By "stupid" i mean questions that would never appear if the newbie bothered to spend even 10 minutes of his precious time to slightly search in the forum.

    Also,
    Exactly!

    [​IMG]
     
  7. NameSplice

    NameSplice Established Member

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    We live in a world of different personalities and I don't think that will change. It is what it is.

    But I do agree in treating others well
     
  8. sircc

    sircc Established Member ★★★★★★★★★★

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    You guys seem to be forgetting one very small factor. These 'new investors', as you call them, are not our partners, they're our competitors.

    Anyone who doesn't understand this principle, is just kidding himself. All the knowledge needed to succeed in this industry is within these pages, there's no need for hand holding.
     
  9. BaileyUK

    BaileyUK Established Member

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    These days a lot of newbies (Not all) think they have cracked-it, the moment they enter the domaining world, and usually after their first half-a-dozen registrations. These domainers? tend to be seeking reassurance rather than advice. Then word their query in some advice seeking way. ie, how do I sell such-and-such ?.

    I'm going to disagree with you regarding being disrespectful, It's normally the 'Newbie' that comes back with an off the handle justification for their purchase's and flippant counter response. I as much as anyone appreciate reading the genuine thanks offered when a question is asked succinctly and subsequently answered equally well.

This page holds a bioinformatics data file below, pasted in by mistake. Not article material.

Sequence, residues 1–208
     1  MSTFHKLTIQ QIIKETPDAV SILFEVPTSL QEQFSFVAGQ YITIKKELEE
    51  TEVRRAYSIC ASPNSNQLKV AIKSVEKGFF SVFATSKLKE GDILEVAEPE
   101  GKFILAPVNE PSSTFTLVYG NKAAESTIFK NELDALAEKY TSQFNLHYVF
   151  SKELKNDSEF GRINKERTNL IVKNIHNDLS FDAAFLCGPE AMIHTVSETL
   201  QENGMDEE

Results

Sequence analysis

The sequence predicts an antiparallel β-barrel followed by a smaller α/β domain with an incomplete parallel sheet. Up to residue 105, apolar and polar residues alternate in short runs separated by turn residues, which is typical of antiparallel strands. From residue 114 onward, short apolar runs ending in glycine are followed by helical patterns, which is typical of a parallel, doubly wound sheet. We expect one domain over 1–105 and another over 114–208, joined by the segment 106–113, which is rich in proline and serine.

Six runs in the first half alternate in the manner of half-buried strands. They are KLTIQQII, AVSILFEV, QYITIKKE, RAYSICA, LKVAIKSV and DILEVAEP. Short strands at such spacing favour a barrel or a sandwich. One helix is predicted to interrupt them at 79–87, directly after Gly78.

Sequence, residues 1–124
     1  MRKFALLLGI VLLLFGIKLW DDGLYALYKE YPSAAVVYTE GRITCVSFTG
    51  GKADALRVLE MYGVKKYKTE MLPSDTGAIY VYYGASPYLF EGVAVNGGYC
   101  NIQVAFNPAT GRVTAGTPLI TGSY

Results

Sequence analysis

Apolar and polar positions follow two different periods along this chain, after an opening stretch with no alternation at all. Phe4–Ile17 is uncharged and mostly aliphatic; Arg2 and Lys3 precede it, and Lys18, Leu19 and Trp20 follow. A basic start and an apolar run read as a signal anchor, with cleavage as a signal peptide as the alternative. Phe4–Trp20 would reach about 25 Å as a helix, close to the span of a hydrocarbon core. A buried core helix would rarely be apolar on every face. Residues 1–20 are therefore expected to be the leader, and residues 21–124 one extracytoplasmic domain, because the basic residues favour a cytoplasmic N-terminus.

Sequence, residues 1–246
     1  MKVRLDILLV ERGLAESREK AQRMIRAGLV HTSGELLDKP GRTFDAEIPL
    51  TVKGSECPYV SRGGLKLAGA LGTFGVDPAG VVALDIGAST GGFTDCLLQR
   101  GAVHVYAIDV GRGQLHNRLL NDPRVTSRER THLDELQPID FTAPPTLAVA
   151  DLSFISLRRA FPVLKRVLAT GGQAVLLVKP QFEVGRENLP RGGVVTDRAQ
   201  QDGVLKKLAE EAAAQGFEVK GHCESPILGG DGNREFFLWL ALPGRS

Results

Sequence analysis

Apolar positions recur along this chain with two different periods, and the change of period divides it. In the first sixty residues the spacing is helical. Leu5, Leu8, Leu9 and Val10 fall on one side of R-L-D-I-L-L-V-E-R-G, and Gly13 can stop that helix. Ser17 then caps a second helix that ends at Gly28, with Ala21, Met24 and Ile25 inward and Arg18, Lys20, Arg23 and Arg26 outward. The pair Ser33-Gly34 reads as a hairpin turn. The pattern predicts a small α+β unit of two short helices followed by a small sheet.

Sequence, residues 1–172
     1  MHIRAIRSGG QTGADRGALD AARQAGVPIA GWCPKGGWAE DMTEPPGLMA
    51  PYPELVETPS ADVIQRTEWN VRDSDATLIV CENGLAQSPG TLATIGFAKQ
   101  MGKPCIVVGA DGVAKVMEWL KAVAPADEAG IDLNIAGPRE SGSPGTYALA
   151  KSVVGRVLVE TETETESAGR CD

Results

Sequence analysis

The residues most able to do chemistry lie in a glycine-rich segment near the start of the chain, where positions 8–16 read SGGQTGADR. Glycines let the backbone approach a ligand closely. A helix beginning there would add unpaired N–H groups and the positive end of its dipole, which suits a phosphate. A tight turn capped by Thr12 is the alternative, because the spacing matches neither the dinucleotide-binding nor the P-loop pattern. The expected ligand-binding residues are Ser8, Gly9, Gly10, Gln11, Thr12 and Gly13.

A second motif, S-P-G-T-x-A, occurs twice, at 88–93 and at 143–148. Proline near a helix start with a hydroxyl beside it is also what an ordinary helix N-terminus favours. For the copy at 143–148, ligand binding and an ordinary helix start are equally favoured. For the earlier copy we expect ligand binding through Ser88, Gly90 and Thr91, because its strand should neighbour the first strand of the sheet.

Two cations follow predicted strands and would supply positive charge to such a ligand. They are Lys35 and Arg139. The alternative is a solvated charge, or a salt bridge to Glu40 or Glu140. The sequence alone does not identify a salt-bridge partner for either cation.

The real culprit is these $1 domain registration offers. Lets face it pre-1998 the $79 dollar (a hell of a lot back then) cost of a single years registration made the buyer view his purchase as a genuine investment and carry-out the necessary acts of due diligence etc. Even at $10 to $15 a pop there still has to be a level of control exercised (unless you want to see your months worth of beer money disappear in a night)

    Unfortunately a lot of 'Newbies' aren't domain investors they are wannabe get-rich quick kids that think nothing of plying $20 into 20 imaginary 'Unusable' domains then be reassured that they are a 'Player'

    On the opposite side I for one know bugger all about Gambling, in the rare instances I've ever been in a casino I lose every dollar/pound usually within 20 minutes. perhaps I should also ask a Casino board - Why is this ?? In the expectation to turn it into thousands on the next visit.

    just a thought - but perhaps an across the board repricing of all domain registrations at say $50 a year wouldn't be a bad idea, additional profits supporting genuine marketing support (Build etc). It would certainly bring a more stable investment strategy back to the fore, with questions just as relevant - bit like the ol'days
     
    Last edited: Dec 27, 2018
  10. stub